Sounds quite good put like that, I guess. And it certainly doesn’t sound harsh to say that I have been working in a five-star resort on the Indonesian island paradise of Bali, either. I can see that.
The point is probably something to do with being fully wherever you are needed in any given moment. Would that I was frequently needed to do good work with great mates for a client it feels a little honouring to be working with in an exotic setting. Obviously. I mean, just obviously.
I would point out, though, that this particular creative assignment still illustrated an ignoble truth of my work – namely, that there is no conceivable setting, or hour of the day, or place on earth in which I may not be expected to interact with a rollerbanner. Hashtag: livingthecreativedream. Glamour has never given to me with both hands. If she ever does to anyone, of course.
It’s the issue of service that is always the most pertinent one for any creative gunslinger – are you being the practical use your client needs you to be, despite the background notion dawning on you as you look up from your To Do list that you’re wearing a suit on a humid beach front resort under palm trees to the sound of gently shushing waves and warmly ringing evening cicadas in the warm glow of a postcard sunset? The challenge is always the same, even if the eventual sunburn – ah – the brief, isn’t. Or the cost of drinks.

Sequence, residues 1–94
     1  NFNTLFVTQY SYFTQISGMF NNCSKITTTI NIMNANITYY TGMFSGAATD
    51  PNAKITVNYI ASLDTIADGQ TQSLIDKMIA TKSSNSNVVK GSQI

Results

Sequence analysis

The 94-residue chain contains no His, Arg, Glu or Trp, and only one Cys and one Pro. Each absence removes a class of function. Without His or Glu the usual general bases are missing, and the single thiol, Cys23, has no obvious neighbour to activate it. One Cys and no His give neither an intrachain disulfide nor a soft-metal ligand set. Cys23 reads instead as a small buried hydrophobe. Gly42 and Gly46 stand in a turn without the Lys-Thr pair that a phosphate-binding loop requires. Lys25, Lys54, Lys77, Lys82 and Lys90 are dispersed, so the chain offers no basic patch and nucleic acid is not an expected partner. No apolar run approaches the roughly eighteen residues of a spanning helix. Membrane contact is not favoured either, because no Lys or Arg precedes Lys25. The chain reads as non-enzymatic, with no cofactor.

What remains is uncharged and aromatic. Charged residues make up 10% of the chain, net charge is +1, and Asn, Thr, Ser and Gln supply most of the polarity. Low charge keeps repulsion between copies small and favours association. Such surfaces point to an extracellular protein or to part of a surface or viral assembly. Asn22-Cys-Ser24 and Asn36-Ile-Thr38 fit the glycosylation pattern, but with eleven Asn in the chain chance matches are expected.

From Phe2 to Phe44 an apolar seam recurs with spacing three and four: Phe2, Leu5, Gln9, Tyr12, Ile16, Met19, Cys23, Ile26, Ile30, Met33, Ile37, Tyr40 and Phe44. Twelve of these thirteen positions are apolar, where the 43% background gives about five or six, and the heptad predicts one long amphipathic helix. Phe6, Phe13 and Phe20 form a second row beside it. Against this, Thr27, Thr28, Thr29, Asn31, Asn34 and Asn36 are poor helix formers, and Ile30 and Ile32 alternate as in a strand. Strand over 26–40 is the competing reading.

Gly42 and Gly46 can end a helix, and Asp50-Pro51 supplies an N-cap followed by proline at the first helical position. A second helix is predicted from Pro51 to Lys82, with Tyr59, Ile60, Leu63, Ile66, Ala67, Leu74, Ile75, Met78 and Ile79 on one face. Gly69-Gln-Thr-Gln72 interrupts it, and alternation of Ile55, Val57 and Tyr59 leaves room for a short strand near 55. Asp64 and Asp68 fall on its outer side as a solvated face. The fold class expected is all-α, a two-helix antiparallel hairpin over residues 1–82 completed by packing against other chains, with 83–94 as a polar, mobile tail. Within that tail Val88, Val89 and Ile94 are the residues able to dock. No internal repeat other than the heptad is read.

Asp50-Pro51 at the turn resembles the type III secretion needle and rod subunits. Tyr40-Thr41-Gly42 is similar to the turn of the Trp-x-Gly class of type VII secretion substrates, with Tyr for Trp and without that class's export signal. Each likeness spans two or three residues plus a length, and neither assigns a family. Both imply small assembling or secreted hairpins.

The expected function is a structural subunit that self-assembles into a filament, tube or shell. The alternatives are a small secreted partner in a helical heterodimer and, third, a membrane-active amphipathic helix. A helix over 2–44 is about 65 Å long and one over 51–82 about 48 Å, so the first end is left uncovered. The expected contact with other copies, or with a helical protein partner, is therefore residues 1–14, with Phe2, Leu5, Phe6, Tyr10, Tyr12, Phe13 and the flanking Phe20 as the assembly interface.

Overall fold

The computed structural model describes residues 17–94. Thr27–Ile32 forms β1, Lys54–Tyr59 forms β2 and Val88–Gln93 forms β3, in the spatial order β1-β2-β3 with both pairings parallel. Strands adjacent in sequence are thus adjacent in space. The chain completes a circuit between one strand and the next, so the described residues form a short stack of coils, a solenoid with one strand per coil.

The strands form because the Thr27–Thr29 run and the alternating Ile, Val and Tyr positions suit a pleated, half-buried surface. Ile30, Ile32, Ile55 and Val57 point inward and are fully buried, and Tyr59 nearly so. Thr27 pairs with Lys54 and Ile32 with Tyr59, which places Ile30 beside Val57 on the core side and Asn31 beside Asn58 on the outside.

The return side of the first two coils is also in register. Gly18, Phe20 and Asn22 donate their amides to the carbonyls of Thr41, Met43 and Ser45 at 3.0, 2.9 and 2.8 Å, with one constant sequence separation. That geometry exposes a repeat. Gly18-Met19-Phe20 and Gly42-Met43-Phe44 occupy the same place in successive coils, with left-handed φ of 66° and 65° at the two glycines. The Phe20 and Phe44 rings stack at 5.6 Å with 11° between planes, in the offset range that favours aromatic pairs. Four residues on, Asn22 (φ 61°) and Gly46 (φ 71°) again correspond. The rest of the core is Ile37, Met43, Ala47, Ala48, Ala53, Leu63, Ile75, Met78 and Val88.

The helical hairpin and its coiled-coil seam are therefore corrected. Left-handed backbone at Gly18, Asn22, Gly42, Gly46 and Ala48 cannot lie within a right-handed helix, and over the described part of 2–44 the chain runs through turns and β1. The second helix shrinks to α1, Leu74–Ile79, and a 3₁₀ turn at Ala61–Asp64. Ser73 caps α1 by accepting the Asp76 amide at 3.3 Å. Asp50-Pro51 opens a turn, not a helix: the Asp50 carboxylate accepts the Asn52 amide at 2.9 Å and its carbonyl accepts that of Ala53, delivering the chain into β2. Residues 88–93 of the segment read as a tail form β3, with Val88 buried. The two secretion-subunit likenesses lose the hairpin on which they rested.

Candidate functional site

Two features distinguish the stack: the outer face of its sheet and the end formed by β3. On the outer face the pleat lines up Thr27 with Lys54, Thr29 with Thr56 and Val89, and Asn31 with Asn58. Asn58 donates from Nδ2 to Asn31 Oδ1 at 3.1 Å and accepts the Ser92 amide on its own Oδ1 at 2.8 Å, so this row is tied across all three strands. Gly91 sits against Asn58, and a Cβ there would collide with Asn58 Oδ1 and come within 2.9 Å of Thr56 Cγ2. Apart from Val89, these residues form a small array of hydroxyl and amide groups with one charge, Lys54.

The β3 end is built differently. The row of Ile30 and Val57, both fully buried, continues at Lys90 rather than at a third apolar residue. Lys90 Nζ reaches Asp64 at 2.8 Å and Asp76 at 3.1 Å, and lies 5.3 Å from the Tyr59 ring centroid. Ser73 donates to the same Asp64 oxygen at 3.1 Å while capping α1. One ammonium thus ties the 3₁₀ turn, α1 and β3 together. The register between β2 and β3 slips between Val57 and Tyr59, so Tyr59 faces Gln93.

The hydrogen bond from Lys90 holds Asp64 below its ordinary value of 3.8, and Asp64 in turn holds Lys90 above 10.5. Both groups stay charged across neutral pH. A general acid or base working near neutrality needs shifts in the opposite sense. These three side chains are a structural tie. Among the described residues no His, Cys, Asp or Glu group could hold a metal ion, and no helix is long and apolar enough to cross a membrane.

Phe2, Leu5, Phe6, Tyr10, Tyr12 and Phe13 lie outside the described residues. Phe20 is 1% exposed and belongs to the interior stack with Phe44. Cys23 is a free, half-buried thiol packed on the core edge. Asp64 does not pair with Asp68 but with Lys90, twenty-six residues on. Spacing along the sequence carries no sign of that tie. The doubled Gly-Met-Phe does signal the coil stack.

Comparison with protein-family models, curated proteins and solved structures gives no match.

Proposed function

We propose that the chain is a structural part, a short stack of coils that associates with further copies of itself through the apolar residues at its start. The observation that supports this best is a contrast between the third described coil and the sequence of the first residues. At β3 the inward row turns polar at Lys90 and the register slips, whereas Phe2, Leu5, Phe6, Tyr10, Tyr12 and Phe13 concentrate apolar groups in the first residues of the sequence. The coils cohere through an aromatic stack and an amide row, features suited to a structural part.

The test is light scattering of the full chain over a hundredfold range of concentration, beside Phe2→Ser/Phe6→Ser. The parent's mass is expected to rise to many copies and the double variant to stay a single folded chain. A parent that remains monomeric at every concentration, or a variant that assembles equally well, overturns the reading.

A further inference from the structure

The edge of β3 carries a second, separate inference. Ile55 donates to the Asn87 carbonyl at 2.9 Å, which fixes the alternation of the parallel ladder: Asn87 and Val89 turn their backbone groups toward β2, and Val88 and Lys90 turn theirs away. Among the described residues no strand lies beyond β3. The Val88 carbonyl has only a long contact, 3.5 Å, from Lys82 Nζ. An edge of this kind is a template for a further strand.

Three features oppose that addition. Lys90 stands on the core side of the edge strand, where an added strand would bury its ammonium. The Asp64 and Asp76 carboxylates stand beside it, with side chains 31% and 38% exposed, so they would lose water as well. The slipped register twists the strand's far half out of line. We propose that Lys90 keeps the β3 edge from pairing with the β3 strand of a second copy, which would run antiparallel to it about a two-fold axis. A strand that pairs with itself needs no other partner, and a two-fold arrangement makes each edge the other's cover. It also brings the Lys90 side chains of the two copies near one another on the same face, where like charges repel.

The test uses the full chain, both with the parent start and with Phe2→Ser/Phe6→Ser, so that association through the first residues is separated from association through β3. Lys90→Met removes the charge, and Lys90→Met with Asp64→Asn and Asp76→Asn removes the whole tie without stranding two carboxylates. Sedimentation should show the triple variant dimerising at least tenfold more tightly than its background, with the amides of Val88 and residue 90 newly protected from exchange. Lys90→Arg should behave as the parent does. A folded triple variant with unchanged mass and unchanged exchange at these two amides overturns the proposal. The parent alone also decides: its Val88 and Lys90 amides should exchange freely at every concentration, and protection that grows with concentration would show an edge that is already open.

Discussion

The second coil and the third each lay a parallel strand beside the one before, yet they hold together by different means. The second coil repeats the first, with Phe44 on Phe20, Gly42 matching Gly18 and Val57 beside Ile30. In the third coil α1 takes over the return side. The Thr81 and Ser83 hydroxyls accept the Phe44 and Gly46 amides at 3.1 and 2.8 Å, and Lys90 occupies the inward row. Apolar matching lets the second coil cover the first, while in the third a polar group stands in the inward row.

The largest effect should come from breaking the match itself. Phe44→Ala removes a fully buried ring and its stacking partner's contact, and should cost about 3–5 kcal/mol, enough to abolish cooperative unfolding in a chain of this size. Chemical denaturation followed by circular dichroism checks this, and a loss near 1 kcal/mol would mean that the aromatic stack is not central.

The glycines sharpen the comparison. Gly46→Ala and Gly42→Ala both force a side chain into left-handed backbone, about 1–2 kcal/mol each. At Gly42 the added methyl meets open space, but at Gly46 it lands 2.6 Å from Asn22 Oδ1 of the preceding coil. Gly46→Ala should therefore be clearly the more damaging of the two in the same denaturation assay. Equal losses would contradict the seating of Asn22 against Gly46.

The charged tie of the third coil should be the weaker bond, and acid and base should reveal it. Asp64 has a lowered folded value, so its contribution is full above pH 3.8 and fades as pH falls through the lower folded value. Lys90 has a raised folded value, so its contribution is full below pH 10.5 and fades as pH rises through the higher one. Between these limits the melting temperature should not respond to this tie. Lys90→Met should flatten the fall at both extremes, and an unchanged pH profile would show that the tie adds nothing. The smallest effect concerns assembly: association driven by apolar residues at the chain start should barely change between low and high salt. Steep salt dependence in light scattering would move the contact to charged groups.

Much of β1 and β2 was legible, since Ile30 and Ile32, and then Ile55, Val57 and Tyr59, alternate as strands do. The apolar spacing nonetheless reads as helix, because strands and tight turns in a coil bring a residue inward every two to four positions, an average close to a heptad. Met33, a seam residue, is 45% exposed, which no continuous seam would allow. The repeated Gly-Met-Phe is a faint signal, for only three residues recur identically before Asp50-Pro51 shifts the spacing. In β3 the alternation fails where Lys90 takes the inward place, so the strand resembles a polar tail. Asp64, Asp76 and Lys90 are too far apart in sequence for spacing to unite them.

It is a challenge.
I’ve long felt that Momo, even before it was Momo, may be a little ship – one small enough that breaking out the emergency oars and pulling for all you’re worth can still make a difference in a high sea – but that it’s with little ships that people travel the world. And found the New World. You can cover a great distance in a little ship, and discover some great things.
Of course, it helps if you have some great mates who are nice enough slash damn-fool enough to invite you on a great gig – and I owe an alarming number of these to the generosity of one of the oldest of friends, Julian. I think I still owe him for room service too.
The point may be, after all, that setting out on an adventure is not about getting from A–B. It’s usually about surviving from A–Z. Your little ship will have to put into all sorts of unexpected ports and perhaps even get washed up on some very unexpected beaches. It doesn’t necessarily mean that your story has veered off course. Even if chapters of it don’t seem to fit the narrative you set out to explore. I’m sure the eponymous Odysseus would have something to say along these lines.
And so would a bloke called Homer, who compiled / made up most of Odysseus’ epic adventures from the equivalent of a shed in Smyrna.
In fact, I think I’ve always instinctively known that, for many of us, it’s the book of daydreams that inspires us to even try getting back in the boat each morning. Attempting to navigate. Hoping to survive. Fooling ourselves into trying to make it somewhere.
From behind her little video camera, Lenka asked me: “What are you doing next?”
Feeling a little adventurous twinkle in the corner of my eye, I said: “I’m starting a new album. And I’m SO excited – I’ve been daydreaming about it for, like, ages – I have this book of scribbles and…”